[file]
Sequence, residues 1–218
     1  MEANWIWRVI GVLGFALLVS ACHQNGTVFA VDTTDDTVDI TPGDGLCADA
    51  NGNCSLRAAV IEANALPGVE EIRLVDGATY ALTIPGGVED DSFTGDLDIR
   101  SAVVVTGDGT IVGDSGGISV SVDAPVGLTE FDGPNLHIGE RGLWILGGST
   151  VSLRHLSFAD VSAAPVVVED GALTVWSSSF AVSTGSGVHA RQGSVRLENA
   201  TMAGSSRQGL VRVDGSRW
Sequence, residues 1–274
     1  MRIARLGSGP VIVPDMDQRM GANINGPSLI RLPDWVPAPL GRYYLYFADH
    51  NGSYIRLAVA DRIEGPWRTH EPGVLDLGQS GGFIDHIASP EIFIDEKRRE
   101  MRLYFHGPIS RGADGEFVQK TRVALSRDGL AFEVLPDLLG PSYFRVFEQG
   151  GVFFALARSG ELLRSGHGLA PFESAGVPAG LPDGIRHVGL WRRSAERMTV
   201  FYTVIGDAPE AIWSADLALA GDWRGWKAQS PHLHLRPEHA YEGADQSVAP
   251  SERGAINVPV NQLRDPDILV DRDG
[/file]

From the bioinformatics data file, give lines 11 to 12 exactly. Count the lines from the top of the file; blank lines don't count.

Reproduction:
   151  GVFFALARSG ELLRSGHGLA PFESAGVPAG LPDGIRHVGL WRRSAERMTV
   201  FYTVIGDAPE AIWSADLALA GDWRGWKAQS PHLHLRPEHA YEGADQSVAP